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Thursday, December 19, 2013

Dead of Night

Although this blog normally saves non-political reviews for the weekend, I am breaking that rule. Such a slap you should give me!

Last night I re-viewed that classic British ghost story collection from 1945, Dead of Night. Many of you know this film well -- and if you don't, you should. It's a compendium movie in which the framing story forms an infinite loop, although some theorists say that the final loop begins at the very end. Either way, you gotta love the epistemological conundrums.

My favorite episode is the Christmas story, set in an idealized English manor house and starring a 15 year-old Sally Ann Howes. When I first saw this movie, I was of a similar age and (as was my wont at that time) formulated a instant crush on young Sally. She was pretty, charming, well-groomed, cultured, polite yet perky -- and utterly unlike the drugged-out, uncivilized, infuriatingly inarticulate female pseudo-humanoids slouching through California's high schools back in the 1970s. Whatever happened to girls like that? I wondered as I watched Sally. Where did they go? I loved her in that old-style Christmas dress -- and those fingerless fishnet gloves must have launched a thousand fetishists down a mildly pervy path.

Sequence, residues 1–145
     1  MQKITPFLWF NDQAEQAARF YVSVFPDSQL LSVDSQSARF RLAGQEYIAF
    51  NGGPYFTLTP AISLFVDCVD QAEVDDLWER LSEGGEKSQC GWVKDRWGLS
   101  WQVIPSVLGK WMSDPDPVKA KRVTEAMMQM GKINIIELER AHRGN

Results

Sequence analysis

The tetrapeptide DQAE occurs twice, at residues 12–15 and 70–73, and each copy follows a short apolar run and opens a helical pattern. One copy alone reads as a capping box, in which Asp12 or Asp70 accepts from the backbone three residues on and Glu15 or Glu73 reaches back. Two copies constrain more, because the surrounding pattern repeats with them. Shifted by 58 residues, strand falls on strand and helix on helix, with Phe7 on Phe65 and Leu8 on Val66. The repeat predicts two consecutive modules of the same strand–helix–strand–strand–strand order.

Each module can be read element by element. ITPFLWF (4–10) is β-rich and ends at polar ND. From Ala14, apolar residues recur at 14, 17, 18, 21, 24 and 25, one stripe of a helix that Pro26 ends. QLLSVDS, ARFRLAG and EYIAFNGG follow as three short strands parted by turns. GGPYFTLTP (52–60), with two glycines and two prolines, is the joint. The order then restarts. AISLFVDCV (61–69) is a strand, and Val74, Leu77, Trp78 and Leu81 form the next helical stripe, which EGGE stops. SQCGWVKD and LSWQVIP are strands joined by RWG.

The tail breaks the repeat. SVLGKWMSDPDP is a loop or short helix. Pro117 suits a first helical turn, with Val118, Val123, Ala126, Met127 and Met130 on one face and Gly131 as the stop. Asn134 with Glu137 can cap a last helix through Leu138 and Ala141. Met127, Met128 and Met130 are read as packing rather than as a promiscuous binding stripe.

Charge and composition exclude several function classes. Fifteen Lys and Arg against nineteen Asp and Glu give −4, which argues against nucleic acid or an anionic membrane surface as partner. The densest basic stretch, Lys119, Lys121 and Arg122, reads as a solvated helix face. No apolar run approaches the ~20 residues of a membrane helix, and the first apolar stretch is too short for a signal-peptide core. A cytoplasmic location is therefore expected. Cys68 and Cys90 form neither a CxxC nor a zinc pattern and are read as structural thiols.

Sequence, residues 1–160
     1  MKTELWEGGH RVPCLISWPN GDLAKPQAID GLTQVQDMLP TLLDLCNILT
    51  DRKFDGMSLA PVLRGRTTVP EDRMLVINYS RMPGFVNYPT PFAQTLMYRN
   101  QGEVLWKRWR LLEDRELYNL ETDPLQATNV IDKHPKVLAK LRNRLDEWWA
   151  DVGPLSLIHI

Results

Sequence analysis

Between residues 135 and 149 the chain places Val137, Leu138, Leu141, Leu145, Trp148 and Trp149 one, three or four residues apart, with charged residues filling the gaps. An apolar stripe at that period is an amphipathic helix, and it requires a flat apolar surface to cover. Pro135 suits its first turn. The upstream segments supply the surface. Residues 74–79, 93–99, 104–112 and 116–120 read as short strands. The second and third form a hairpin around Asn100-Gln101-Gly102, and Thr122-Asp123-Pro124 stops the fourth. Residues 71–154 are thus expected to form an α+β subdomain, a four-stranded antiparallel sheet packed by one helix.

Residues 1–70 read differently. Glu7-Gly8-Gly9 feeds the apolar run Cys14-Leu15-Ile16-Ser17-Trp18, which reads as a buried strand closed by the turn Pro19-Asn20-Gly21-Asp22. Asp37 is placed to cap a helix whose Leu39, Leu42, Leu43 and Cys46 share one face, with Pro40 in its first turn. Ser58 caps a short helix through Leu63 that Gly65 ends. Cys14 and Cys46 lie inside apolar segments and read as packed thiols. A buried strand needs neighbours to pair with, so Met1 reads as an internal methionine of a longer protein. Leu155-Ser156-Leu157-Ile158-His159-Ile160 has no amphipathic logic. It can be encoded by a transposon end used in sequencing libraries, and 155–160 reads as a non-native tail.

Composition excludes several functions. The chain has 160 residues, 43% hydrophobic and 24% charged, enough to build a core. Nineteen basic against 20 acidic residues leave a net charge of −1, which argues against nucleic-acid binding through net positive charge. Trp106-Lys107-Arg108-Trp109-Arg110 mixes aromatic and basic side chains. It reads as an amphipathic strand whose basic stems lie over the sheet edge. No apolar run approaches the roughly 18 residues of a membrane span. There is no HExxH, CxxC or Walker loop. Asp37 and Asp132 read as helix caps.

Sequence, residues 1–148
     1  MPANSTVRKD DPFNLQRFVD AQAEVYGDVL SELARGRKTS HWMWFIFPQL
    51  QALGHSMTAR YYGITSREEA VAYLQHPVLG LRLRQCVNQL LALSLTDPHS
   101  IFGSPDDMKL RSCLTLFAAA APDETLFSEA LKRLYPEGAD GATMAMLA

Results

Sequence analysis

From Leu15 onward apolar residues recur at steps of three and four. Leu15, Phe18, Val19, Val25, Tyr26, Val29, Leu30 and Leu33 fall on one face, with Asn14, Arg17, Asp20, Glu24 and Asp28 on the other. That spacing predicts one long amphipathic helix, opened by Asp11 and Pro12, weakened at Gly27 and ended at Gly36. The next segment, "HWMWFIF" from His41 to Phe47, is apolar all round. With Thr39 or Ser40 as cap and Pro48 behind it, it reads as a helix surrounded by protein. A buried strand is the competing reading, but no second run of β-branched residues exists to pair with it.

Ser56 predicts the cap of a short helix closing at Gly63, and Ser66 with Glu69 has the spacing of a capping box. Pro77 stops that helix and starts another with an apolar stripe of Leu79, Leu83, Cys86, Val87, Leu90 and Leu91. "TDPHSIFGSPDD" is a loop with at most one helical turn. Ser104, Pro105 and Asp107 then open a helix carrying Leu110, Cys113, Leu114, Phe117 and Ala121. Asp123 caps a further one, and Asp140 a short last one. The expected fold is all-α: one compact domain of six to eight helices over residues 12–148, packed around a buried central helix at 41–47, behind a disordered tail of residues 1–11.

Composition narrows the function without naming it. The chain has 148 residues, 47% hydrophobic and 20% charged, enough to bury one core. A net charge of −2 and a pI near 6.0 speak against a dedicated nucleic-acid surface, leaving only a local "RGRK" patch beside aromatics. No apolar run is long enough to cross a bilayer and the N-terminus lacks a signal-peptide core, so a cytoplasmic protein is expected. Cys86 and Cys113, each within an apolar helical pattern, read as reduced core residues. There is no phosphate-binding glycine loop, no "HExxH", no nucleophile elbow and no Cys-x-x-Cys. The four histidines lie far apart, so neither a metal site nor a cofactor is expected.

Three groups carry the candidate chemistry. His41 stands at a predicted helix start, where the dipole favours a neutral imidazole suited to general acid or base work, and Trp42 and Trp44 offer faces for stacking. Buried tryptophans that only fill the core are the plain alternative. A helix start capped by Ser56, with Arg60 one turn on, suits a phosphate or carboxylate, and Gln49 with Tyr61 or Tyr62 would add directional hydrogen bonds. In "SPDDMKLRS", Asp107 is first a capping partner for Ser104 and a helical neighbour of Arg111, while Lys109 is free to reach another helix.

I did not know until recently that Sally Ann Howes' ghost story is the only one in the movie based on an actual murder. People still argue about it!

Most viewers prefer the celebrated final episode involving the ventriloquist and his dummy. Even though this yarn has inspired roughly half-a-googol imitations in the years since 1945, the original still conveys a suitable aura of creepiness.

I can't help wondering: Has any stage performer ever worked up an act like this in real life?

What I'm envisioning is kind of a Penn Gillette/Andy Kaufman approach to ventriloquism, in which the voice-tosser does everything he can to convince the audience that he has become genuinely afraid of his own dummy. Although I doubt that even the best actor could convince people that the puppet had become malefic, it might be possible to make members of the audience wonder whether the ventriloquist had become truly unhinged.

Has anyone every tried that approach? It seems like a natural, what with "edginess" being so popular these days.
Comments:
Portmanteau, I believe to be the word.

The BBC are doing an adaptation of the Tractate Middoth for Christmas. Nice to see.

 
wth, Stephen? What word are you talking about?

 
I sorry to say that Sally Ann Howe ends in and 's' Sally Ann Howes. At least that's how it's spelled in the credits.
 
I will correct. Thanks. I will never forgive myself...

(Earlier today, I misspelled "Joseph." Not a good day.)
 
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